Note: Please note you should use the Swagger 2.0 documentation, not the OpenAPI 3 documentation.
Creating new configuration options
When creating new configuration options, it is not enough to add them to the
modules/setting files. You should add information to
and to the
configuration cheat sheet
Changing the logo
When changing the Gitea logo SVG, you will need to run and commit the results of:
This will create the necessary Gitea favicon and others.
If you make breaking changes to any of the database persisted structs in the
models/ directory, you will need to make a new migration. These can be found
models/migrations/. You can ensure that your migrations work for the main
database types using:
make test-sqlite-migration # with sqlite switched for the appropriate database
There are two types of test run by Gitea: Unit tests and Integration Tests.
TAGS="bindata sqlite sqlite_unlock_notify" make test # Runs the unit tests
Unit tests will not and cannot completely test Gitea alone. Therefore, we have written integration tests; however, these are database dependent.
TAGS="bindata sqlite sqlite_unlock_notify" make build test-sqlite
will run the integration tests in an sqlite environment. Integration tests
git lfs to be installed. Other database tests are available but
may need adjustment to the local environment.
for more information and how to run a single test.
Our continuous integration will test the code passes its unit tests and that all supported databases will pass integration test in a Docker environment. Migration from several recent versions of Gitea will also be tested.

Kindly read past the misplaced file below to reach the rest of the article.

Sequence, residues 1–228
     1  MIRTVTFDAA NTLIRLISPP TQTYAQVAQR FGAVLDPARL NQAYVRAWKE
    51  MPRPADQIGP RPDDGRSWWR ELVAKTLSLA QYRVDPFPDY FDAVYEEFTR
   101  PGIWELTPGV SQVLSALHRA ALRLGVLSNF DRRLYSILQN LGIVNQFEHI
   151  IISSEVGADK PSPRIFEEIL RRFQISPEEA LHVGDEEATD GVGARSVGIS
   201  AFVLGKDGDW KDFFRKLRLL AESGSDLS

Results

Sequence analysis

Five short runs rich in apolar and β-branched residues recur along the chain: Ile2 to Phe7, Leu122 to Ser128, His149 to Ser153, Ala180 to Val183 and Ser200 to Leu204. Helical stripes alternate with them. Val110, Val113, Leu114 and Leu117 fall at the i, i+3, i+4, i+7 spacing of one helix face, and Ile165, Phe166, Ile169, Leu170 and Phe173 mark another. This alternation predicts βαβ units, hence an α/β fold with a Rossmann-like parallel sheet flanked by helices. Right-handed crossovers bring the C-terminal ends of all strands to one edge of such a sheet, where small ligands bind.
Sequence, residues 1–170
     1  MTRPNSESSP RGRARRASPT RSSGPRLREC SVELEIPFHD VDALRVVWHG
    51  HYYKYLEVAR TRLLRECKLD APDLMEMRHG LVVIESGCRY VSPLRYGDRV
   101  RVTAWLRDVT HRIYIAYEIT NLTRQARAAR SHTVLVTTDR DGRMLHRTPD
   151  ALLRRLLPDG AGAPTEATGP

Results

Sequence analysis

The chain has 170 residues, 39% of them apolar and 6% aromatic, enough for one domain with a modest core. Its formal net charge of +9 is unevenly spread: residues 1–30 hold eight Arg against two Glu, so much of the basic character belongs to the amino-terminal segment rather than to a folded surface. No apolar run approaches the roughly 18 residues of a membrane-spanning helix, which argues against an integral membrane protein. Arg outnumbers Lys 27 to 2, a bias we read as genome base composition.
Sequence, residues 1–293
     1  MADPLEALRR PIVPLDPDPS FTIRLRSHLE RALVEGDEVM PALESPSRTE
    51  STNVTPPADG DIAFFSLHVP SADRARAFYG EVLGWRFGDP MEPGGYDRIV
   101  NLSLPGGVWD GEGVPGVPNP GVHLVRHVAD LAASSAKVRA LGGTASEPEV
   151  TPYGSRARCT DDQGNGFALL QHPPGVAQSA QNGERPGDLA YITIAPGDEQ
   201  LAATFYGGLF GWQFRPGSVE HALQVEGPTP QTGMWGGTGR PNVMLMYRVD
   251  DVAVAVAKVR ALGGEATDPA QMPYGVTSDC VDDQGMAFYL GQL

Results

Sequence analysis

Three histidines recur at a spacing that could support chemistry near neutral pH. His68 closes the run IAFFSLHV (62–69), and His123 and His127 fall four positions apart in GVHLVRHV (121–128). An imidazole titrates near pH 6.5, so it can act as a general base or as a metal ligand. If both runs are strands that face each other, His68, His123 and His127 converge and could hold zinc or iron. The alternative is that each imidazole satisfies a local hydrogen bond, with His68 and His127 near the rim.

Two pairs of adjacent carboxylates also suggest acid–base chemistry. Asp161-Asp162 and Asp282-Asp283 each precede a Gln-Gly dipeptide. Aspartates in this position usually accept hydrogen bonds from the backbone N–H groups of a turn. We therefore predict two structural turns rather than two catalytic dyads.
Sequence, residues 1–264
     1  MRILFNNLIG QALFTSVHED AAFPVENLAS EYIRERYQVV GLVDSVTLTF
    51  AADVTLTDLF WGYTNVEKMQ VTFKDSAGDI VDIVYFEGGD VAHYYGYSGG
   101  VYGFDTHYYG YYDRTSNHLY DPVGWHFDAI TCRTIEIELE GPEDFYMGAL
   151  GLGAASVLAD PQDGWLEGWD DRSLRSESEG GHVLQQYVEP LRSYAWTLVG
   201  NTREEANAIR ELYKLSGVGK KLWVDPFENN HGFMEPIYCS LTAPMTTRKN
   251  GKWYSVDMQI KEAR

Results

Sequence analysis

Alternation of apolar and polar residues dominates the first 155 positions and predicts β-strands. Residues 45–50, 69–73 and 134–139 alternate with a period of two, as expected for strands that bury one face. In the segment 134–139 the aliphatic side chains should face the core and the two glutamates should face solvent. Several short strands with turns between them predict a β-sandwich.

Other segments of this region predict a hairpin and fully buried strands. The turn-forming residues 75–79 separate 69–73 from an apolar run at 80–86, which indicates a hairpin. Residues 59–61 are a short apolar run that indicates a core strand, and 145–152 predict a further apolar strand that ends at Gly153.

Please submit your PR with additional tests and integration tests as appropriate.
Documentation for the website
Documentation for the website is found in
docs/. If you change this you
can test your changes to ensure that they pass continuous integration using:
# from the docs directory within Gitea make trans-copy clean build
You will require a copy of Hugo to run this task. Please note: this may generate a number of untracked git objects, which will need to be cleaned up.
Visual Studio Code
tasks.json are provided within
Visual Studio Code. Look at
for more information.
Once you’re happy with your changes, push them up and open a pull request. It is recommended that you allow Gitea Managers and Owners to modify your PR branches as we will need to update it to master before merging and/or may be able to help fix issues directly.
Any PR requires two approvals from the Gitea maintainers and needs to pass the
continous integration. Take a look at our
If you need more help pop on to Discord #Develop and chat there.
That’s it! You are ready to hack on Gitea.